OHS Canada Magazine

Misconceptions remain around returning to work

Employers should work with HR to implement, communicate clear steps that ensure safety measures are being followed


With a priority on health and safety, employers can continue to inspire confidence in their people to return to work as appropriate, writes Janet Candido. (Southworks/Adobe Stock)

As many companies struggle to remain sustainable and competitive amid COVID-19, employers and employees are concerned they may need to reevaluate their current work situation yet again as case counts soar.

And as government regulations continue to evolve, both sides may have misconceptions about their rights and responsibilities.

In general, employers and managers have so far been great at being flexible and accommodating, whether allowing people to work from home or rotating workplace shifts.

And they should be — as far as is reasonably possible — since there is much to be gained; providing flexibility not only makes it easier for employees to complete their work, it also engenders loyalty.

In addition, with many Canadians working from home during the pandemic, a recent survey from PricewaterhouseCoopers shows that the majority of employees rate their productivity as either remaining the same or increasing during the pandemic.

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Creative, hybrid solutions

While employers should strive to develop creative, hybrid solutions there are circumstances where accommodation may not make sense.

This includes when roles require on-site attendance or are time- or process-driven, when the accommodation may endanger someone else, when it is cost prohibitive or otherwise just not doable.

But what about accommodating employees who are still working from home and nervous about returning to work?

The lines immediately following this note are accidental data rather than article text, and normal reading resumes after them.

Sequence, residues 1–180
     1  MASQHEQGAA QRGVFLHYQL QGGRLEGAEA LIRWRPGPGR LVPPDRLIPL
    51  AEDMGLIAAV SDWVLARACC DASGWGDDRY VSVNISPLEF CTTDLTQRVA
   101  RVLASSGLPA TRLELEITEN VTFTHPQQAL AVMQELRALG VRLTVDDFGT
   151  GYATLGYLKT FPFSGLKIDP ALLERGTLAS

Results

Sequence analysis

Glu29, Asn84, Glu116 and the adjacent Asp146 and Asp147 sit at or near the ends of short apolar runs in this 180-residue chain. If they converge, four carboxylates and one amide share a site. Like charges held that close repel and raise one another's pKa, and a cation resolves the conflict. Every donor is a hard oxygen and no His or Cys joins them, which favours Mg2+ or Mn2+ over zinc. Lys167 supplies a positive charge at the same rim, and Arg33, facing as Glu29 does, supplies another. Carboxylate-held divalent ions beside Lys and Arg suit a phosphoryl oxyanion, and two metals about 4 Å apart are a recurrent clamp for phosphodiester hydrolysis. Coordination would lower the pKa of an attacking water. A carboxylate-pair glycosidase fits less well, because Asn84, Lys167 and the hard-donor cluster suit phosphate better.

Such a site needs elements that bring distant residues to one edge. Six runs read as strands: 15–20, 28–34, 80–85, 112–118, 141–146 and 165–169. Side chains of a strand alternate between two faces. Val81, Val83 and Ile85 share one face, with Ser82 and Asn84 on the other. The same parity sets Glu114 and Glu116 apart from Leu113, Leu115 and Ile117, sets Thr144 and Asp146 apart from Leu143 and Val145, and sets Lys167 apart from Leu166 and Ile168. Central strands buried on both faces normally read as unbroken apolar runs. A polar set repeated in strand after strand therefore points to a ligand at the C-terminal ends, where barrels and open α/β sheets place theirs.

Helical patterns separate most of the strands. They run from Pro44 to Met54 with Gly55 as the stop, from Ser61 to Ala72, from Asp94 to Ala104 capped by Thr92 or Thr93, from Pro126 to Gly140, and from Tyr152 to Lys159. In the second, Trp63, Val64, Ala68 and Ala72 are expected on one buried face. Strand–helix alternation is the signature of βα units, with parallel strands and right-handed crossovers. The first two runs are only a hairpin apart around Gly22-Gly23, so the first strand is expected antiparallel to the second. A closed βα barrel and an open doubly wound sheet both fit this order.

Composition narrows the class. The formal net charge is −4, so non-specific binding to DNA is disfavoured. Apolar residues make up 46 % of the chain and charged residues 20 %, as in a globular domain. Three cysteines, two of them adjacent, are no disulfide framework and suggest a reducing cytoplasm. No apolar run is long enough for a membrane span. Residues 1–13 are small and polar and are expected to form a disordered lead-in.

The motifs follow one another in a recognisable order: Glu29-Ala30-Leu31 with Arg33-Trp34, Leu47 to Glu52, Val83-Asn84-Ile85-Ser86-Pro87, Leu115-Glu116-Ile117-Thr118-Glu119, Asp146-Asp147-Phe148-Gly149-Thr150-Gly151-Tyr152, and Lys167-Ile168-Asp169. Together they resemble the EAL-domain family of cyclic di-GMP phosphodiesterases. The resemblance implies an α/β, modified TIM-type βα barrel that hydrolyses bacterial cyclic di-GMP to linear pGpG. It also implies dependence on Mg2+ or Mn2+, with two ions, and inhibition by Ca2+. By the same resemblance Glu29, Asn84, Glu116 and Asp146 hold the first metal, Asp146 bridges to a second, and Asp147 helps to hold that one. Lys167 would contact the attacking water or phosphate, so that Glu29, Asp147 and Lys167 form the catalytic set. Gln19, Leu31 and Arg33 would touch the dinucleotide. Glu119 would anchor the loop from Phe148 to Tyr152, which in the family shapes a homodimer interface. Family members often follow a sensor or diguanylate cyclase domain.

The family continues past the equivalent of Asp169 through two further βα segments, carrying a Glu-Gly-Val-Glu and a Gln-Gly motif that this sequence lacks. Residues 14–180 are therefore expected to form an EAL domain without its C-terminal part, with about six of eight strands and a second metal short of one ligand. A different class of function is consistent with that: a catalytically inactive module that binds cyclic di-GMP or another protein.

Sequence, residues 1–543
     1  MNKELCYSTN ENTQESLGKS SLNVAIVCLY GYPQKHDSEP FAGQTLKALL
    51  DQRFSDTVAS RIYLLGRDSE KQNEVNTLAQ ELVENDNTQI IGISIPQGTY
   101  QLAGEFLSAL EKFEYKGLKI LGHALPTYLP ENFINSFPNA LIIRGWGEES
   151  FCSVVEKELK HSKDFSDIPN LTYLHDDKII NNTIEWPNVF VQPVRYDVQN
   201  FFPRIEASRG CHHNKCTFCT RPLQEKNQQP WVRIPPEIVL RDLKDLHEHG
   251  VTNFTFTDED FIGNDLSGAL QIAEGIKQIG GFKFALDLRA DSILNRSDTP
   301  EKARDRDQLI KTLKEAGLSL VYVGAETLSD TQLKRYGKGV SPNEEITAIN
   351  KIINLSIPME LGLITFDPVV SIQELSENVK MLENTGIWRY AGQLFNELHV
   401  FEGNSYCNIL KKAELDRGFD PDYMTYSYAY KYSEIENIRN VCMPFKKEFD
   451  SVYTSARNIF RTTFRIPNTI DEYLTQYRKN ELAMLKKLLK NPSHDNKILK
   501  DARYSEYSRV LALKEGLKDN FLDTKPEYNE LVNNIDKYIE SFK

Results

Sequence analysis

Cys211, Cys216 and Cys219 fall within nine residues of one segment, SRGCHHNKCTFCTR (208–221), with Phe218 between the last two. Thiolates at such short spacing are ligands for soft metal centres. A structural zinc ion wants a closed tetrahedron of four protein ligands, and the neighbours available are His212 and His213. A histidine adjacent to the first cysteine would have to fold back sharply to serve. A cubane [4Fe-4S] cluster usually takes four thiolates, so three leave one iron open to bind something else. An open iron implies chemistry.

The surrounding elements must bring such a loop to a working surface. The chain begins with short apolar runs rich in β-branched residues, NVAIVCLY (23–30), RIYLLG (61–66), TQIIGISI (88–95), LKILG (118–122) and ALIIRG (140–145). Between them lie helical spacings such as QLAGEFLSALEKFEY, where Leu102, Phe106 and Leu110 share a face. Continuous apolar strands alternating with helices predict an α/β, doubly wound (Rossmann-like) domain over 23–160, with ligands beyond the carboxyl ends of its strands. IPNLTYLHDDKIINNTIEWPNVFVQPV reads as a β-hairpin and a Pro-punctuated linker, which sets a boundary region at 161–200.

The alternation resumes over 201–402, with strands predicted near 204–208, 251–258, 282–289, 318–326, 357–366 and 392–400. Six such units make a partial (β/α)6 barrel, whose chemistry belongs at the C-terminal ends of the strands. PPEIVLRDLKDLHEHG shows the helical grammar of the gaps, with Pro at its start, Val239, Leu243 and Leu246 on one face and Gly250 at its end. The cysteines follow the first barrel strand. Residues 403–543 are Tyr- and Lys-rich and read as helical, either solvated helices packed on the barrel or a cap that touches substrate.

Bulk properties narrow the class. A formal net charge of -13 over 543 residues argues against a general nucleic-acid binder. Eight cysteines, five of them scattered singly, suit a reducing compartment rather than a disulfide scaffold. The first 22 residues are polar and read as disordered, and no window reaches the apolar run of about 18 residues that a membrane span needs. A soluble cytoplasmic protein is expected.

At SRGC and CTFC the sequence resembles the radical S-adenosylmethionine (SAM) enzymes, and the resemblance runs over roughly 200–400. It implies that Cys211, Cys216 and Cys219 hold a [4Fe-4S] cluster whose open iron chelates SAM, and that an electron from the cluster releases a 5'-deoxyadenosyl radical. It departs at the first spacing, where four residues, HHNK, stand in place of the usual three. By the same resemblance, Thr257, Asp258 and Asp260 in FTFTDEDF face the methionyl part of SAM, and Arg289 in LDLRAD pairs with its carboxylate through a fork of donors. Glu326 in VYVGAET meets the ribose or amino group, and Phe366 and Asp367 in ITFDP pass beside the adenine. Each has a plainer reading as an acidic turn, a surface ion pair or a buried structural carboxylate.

A good first step to easing concerns is to have an open conversation and actively listen to, and empathize with, their specific fears.

Show understanding that this is a stressful situation by providing mental health support, if necessary, via resources such as the Canadian Mental Health Association, or encouraging them to practice self-care activities even while on the job.

Be proactive about communicating plans and procedures that are in place to manage their safety and limit the risk of exposure.

Refusing unsafe work

An employee has the right to refuse unsafe work under the Canada Labour Code and provincial health and safety legislation if there is “reasonable cause to believe that the job presents a danger to themselves or another employee.”

However, as long as an employer has done their due diligence and is complying with provincial and federal health and safety regulations, a fear of catching the virus is not a reasonable concern for an employee to refuse returning to work.

In fact, employees bear responsibilities of their own concerning health and safety, particularly in the context of COVID-19, such as following management’s directions regarding reporting to work and workplace health procedures.

That said, employers should keep up to date on the regulations and make changes as needed.

For example, Ontario now requires employees to complete a self-declaration survey each day to determine if they may enter the workplace, leading to the development of self-screening apps that businesses can easily and quickly implement.

In addition, the Ontario government has made temporary amendments to the Employment Standards Act during COVID-19, though these are expected to change once again in January 2021.

While most provincial governments and municipalities have “snitch” lines for reporting public flouting of pandemic legislation, how should employees deal with this in the workplace?

While most Canadians respect COVID safety precautions, many employees and even managers may not have a defined playbook for how to handle rule-breakers at work.

A recent survey from O.C. Tanner suggests workers believe there should be consequences, including:

  • verbal warnings from supervisors (61 per cent)
  • written warnings from supervisors (59 per cent)
  • job suspension (37 per cent)
  • financial repercussions, such as paying a fine (34 per cent)
  • mandatory return to working from home (24 per cent)

Employers should work with HR to implement and communicate clear steps that ensure safety measures are being followed, what to do if they are not, and outline the repercussions.

With a clear priority on health and safety, employers can continue to inspire confidence in their people to return to work as appropriate.

Janet Candido is the principal consultant and founder of Candido Consulting Group in Toronto.


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